Wednesday, January 2, 2008

Future Heirlooms?

In the January issue of Real Simple magazine there is an interesting article discussing what items will be collectible in the future. A panel of experts were asked to name the 10 accessories that will be the "heirlooms of the future" and listed below are their selections. Do you agree?

The experts first chose the Louis Ghost Chair from Philippe Starck as a future heirloom. I would have to say I agree with this choice. I can definitely see these chairs becoming collector's items in the future. I am not sure how comfortable they are though :)

Above is a tight back sofa from Baker. Baker is a well known furniture company that has been around for ages. The company makes classic furniture that is built to last. Although I think the classic lines of this sofa will always be in style, I think that several companies make sofas that are similar in quality and style and for far less money.

The above handwoven cotton rug from Madeline Weinrib is sure to be a future heirloom. In fact, I believe ALL of Madeline Weinrib's rugs will become prized heirlooms. Her textiles are so classic and beautiful and anyone would be lucky to own one of her creations!

I have several silver-coated seashells that I absolutely love. I have them all over my house - on top of books, on my desk, resting on shelves. I just love them! I gotta say that I never thought of them as future heirlooms though. The above seashells are from Ruzzetti & Gow, who gather seashells in the Phillipines and have them sent to Rome where they are coated in sterling silver. I guess I will hang on to mine in case they are worth something in the future!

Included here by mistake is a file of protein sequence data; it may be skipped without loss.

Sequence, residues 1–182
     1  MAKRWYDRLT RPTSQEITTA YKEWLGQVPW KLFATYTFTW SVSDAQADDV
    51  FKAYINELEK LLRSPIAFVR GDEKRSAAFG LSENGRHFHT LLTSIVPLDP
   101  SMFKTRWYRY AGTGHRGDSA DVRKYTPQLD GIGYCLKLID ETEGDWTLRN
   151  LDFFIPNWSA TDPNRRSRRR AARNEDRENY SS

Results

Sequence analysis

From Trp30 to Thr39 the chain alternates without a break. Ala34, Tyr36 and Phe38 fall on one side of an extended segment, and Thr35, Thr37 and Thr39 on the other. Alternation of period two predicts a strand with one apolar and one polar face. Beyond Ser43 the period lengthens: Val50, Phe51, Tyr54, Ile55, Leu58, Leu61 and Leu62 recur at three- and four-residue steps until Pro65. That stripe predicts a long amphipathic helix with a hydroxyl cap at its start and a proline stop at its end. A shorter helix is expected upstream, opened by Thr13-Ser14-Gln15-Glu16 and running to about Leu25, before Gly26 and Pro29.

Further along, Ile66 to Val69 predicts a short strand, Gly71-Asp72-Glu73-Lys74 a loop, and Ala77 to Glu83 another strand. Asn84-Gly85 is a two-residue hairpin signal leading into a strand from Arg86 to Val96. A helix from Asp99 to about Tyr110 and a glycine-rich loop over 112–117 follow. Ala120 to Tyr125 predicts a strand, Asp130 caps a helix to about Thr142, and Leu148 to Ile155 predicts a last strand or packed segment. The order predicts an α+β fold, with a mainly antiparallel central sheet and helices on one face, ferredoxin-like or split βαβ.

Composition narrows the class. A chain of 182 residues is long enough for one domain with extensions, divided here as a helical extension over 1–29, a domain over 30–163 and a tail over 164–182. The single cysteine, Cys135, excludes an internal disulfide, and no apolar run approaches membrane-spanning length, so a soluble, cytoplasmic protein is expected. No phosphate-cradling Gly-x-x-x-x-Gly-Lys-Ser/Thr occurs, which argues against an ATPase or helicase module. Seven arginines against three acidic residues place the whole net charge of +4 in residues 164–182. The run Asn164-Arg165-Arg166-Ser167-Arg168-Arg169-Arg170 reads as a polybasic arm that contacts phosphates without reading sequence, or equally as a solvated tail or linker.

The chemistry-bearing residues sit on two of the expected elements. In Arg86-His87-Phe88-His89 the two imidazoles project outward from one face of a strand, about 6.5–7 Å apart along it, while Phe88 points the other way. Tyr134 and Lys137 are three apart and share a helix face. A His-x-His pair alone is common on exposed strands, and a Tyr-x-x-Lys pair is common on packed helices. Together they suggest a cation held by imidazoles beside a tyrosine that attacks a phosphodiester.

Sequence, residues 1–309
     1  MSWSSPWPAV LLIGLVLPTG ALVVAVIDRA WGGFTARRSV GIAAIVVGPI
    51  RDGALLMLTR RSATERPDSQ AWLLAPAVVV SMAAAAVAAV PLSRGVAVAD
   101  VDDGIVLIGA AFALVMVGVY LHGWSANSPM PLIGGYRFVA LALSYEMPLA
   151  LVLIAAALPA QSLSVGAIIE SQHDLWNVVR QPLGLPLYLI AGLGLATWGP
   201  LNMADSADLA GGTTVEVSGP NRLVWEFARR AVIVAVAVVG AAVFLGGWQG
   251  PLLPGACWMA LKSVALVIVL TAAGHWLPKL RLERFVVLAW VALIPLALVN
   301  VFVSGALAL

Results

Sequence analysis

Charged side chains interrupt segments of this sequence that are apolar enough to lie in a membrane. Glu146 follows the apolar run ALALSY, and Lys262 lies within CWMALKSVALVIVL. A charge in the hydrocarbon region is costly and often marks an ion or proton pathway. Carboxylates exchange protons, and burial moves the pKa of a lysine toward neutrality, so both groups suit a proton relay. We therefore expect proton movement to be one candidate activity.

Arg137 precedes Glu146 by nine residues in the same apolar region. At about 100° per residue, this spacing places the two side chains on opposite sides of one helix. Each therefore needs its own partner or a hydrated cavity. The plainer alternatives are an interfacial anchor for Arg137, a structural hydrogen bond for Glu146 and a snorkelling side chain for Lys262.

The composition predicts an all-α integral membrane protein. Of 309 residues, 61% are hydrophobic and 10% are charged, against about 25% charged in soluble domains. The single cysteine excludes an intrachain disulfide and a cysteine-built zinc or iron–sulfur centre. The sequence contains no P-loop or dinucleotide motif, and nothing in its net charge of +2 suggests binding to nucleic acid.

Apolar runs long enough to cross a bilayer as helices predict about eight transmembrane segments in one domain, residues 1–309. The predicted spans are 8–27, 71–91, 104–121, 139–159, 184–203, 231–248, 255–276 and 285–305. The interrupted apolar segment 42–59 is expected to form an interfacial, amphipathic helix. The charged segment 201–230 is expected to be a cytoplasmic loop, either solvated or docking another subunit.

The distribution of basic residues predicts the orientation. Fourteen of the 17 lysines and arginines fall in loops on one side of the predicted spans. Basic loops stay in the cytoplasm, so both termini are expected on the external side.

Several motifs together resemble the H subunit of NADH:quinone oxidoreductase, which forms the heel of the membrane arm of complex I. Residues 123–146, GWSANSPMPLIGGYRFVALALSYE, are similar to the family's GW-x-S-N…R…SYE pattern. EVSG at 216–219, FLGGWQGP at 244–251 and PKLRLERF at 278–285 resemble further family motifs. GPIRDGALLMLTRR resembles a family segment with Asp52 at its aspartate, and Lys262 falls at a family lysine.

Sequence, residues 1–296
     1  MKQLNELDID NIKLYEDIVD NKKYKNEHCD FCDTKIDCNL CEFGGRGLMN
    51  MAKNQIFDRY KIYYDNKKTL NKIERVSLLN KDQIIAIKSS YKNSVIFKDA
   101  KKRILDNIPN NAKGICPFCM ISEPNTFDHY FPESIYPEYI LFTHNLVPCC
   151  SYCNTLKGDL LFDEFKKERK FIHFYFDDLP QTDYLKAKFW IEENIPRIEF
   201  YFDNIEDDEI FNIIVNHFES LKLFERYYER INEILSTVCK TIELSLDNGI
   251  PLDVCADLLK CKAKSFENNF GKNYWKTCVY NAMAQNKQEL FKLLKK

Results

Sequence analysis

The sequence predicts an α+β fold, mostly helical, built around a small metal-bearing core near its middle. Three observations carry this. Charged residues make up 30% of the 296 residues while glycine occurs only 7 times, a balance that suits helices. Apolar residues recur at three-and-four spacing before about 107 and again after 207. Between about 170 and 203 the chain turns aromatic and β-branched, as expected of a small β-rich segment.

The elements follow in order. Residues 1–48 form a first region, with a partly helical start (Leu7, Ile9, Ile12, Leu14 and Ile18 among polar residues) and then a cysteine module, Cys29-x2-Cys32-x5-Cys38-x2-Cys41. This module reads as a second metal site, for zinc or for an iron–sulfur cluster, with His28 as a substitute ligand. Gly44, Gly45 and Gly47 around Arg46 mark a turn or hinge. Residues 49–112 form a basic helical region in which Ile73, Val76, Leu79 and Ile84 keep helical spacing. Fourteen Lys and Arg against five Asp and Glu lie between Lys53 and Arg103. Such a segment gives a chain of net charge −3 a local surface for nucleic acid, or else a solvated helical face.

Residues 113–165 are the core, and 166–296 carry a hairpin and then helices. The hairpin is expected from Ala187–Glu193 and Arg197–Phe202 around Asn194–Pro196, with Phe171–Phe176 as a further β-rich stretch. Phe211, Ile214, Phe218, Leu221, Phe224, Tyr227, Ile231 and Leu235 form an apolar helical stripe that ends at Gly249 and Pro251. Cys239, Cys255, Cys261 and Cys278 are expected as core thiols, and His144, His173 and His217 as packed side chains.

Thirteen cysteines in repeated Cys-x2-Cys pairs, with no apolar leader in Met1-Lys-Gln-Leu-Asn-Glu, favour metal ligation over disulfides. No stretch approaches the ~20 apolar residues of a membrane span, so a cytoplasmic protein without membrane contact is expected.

The above T-table is by Patricia Urquiola and is made of shatterproof injection-molded plastic. One expert noted that "in 30 years, the table will look just as fresh." I think the table is pretty but I am not sure I would go so far as to call it a future heirloom.

Above is a Garland Shade of Light by Tord Boontje. I have to admit that I had not seen this pretty light fixture before. I like it but am not sure whether it will be in style 30 years from now. You can see more of Boontje's creations at the Museum of Modern Art's online store.

Here is an "O" stemless wineglass from Riedel. According to the article, Maximillian Riedel, the CEO of Riedel, was frustrated that his stemmed glasses would not fit in his cupboard and introduced the design for the stemless glasses in 2004. I have a set of Riedel tumblers that I picked up at Target on sale and I do like them. For some reason though, I still prefer stemmed wineglasses. It just seems more elegant. I think it would be worth it to pick up a few pairs though. They are fairly inexpensive and would work well in a less formal setting.

I have already discussed my love/obsession with the Balcon du Guadalquivir patterned Hermès china. I received the above dessert plate as a Christmas gift and I plan on slowly collecting the entire collection over the next several years. You have to start somewhere right? I absolutely believe that this stunning collection from Hermès is timeless.

I was sort of surprised by the experts' choice of the candlesticks shown above. These oxidized-bronze candlesticks are by Ted Muehling and just one of these 5 inch candlesticks will set you back more than $500! Apparently Muehling was inspired by the shape of a Biedermeier candlestick he found at a flea market and used modern technology to create his own version of the classic candlestick. I suppose I just don't appreciate candlesticks enough to care whether or not these are future heirlooms. I'm sure they'll be worth loads of money in the future.

Here are some familiar throw pillows from the fabulous Jonathan Adler. I think these handmade Bargello pillows are so bright and festive and will probably be collectible one day.

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